(Not sure if this should be on the Law.SE)
Per title. Most of the news coverage I've seen have said the challenges are bad, such as this recent one on the result of a challenge in Pennsylvania.
"One might expect that when seeking such a startling outcome, a plaintiff would come formidably armed with compelling legal arguments and factual proof of rampant corruption," he wrote. "Instead, this court has been presented with strained legal arguments without merit and speculative accusations ... unsupported by evidence.
Russell J. Ramsland Jr., a cybersecurity worker and an expert witness in the case, filed an affidavit Wednesday claiming that his company had uncovered evidence of inconsistencies in electronic voting machines. But the inconsistencies he claimed to identify were in districts in Michigan, not Georgia.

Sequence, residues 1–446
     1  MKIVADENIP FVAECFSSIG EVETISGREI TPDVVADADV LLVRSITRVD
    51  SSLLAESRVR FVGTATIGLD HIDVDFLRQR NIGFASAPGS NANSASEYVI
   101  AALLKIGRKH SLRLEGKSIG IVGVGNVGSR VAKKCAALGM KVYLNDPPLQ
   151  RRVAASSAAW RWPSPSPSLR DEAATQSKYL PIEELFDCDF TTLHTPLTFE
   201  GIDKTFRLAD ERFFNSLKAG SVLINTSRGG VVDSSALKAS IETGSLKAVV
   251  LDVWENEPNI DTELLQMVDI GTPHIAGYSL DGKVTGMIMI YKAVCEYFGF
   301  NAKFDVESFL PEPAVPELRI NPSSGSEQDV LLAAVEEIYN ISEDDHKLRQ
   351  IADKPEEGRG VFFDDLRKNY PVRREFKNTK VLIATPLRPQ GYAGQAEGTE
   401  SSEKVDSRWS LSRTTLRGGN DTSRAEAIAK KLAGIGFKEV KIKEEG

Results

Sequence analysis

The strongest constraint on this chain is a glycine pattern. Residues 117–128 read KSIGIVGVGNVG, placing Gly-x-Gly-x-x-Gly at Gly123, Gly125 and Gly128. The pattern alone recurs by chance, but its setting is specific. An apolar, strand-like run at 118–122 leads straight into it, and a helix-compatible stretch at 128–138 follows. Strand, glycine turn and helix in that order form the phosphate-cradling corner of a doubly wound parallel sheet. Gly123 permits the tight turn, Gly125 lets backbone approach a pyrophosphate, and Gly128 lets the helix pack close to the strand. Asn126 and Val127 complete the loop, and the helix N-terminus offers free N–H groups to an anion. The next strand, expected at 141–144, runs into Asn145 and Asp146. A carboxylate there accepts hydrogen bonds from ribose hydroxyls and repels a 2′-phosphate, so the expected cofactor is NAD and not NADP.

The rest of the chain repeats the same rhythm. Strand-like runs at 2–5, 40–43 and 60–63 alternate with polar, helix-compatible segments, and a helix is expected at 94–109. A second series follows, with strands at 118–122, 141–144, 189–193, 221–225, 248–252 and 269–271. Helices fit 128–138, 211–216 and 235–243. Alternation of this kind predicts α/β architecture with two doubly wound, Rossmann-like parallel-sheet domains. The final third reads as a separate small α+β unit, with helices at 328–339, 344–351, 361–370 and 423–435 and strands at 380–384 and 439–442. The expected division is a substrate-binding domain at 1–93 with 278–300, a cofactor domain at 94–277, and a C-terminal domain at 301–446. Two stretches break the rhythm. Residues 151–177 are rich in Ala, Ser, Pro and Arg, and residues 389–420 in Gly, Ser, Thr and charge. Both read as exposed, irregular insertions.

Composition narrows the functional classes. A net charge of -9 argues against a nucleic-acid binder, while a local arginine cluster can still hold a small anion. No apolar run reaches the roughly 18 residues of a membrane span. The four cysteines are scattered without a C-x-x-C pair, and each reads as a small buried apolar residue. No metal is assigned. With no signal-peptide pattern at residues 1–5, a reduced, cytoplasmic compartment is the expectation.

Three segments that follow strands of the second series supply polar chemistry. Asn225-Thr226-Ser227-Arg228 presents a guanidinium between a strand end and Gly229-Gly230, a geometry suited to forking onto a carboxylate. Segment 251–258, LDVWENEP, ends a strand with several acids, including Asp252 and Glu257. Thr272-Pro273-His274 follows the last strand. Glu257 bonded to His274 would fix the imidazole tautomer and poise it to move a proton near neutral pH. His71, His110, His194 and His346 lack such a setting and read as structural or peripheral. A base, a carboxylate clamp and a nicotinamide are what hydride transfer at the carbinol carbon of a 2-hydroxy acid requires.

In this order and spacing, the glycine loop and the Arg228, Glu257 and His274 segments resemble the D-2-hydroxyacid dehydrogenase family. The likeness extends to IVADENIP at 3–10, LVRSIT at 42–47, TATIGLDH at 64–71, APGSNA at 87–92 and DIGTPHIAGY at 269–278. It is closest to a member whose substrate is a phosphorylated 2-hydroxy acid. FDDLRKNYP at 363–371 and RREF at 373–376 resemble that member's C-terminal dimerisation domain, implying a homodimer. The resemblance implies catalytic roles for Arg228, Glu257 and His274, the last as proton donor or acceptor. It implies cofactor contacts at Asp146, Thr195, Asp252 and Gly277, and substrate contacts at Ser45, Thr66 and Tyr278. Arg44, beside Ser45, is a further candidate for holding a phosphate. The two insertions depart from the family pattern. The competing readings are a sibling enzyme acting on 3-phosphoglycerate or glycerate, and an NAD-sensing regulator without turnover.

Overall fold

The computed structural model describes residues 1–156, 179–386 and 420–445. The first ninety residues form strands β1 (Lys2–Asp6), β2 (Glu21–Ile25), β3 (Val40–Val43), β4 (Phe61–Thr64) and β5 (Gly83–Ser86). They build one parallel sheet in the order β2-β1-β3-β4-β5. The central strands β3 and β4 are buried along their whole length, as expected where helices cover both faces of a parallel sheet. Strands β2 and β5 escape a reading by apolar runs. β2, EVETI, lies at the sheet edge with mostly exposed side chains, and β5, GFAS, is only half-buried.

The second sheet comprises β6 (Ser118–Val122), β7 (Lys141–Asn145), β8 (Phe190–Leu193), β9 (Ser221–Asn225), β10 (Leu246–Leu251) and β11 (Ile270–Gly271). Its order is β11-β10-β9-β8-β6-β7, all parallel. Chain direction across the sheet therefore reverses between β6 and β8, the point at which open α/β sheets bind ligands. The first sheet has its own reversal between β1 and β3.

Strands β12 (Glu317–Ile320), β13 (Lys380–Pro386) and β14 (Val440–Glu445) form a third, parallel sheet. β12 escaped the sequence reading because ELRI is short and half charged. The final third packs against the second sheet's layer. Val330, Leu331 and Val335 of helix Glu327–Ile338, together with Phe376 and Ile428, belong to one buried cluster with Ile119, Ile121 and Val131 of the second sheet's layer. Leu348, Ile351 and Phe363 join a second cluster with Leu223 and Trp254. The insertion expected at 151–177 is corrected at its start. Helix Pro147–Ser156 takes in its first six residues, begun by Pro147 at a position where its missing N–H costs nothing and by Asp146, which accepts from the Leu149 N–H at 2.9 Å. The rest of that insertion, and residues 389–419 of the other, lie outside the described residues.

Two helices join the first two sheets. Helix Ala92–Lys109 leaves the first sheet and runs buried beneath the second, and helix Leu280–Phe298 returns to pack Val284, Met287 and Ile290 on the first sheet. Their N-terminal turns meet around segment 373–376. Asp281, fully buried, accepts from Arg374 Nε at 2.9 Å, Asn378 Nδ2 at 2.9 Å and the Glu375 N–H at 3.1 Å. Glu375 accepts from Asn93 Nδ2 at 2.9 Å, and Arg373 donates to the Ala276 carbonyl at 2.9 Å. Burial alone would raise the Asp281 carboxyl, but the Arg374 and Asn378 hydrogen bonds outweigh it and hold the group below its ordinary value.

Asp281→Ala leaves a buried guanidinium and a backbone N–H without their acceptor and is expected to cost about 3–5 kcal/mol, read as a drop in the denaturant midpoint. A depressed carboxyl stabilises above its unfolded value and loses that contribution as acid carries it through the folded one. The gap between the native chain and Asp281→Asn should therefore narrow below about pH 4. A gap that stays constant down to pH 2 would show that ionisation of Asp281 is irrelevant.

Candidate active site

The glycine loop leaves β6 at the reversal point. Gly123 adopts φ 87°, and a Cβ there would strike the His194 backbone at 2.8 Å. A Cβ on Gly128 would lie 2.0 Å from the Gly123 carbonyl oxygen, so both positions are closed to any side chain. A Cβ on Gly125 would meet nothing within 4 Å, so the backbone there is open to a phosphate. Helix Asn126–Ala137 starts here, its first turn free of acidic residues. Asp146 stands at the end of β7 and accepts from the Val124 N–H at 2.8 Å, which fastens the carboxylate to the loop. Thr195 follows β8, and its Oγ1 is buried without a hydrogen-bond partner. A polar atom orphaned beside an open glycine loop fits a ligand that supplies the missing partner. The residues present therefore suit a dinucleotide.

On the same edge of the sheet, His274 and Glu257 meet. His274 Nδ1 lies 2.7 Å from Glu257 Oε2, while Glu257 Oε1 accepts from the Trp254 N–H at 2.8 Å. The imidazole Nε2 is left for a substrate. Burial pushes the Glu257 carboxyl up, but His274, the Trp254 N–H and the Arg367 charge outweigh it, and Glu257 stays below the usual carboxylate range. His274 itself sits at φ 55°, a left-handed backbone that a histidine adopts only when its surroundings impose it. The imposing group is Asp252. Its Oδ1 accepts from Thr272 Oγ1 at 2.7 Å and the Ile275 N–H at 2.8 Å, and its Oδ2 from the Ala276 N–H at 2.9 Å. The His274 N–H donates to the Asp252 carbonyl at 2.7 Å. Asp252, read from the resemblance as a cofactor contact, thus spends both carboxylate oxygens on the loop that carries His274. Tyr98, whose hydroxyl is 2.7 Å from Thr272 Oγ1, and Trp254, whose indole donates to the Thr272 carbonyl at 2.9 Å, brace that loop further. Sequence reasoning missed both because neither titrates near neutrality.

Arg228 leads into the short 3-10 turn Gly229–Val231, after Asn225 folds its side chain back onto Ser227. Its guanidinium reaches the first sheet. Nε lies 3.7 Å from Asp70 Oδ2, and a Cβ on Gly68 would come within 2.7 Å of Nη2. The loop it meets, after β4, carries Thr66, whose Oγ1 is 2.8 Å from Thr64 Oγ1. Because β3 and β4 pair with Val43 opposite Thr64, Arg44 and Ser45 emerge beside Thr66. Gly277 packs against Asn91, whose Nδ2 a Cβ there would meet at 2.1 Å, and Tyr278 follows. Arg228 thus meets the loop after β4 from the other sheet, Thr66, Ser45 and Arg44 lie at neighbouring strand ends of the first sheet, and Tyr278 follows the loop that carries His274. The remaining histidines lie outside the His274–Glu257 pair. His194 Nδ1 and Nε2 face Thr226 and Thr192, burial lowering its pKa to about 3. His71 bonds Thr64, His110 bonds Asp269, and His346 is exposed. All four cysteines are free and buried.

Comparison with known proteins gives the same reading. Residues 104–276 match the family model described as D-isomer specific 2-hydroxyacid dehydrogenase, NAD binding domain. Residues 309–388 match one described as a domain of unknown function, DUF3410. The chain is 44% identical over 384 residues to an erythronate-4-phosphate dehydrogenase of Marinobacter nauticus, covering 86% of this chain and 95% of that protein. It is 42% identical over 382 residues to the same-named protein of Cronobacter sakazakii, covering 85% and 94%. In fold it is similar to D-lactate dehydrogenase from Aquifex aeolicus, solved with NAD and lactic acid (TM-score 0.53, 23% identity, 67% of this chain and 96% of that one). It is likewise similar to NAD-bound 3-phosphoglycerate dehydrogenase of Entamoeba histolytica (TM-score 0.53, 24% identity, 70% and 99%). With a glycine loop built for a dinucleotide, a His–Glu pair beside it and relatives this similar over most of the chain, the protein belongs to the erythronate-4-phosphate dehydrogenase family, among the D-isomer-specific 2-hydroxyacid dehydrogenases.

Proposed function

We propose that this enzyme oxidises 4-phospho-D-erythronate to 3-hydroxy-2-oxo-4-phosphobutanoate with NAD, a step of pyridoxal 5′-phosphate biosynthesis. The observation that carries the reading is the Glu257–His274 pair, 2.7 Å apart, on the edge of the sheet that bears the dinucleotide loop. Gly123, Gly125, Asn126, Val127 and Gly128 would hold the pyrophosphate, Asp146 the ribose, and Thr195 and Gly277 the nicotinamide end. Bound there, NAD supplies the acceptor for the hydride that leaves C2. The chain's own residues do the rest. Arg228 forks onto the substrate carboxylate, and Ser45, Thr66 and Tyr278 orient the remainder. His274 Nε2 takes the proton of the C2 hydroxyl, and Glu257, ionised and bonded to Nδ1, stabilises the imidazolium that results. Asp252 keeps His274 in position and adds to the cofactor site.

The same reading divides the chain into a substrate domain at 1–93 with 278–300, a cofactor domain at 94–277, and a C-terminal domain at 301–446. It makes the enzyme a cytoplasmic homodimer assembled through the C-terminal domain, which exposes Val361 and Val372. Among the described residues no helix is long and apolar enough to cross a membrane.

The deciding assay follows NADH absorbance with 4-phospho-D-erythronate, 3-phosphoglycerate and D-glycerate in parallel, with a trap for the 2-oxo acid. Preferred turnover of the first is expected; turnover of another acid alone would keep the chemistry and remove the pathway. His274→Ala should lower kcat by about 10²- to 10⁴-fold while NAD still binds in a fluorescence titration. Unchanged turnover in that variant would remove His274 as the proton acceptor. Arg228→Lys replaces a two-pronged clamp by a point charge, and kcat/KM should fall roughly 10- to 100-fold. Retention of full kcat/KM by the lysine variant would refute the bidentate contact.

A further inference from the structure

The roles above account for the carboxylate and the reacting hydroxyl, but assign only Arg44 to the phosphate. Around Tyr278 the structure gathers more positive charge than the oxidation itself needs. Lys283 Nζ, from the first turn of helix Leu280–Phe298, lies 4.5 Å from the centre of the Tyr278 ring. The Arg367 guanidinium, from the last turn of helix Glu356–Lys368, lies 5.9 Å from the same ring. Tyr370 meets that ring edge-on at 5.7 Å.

The affidavit also listed a number of towns and counties in which Ramsland’s analysis ostensibly showed that the number of votes cast exceeded the number of eligible voters. But most, if not all, of the places Ramsland listed appeared to be townships and counties in Minnesota, not Michigan.
Taken at face value this would imply that the legal cases are really bad, effectively wasting the courts' time. That in turn implies that the judges would've handed down a frivolous litigation judgement with associated penalties for the plaintiffs. But if that has happened, I've not seen it reported in the media. Why?
A first guess is that there is no law against frivolous litigation in the US, but Wikipedia seems to indicate that's not the case.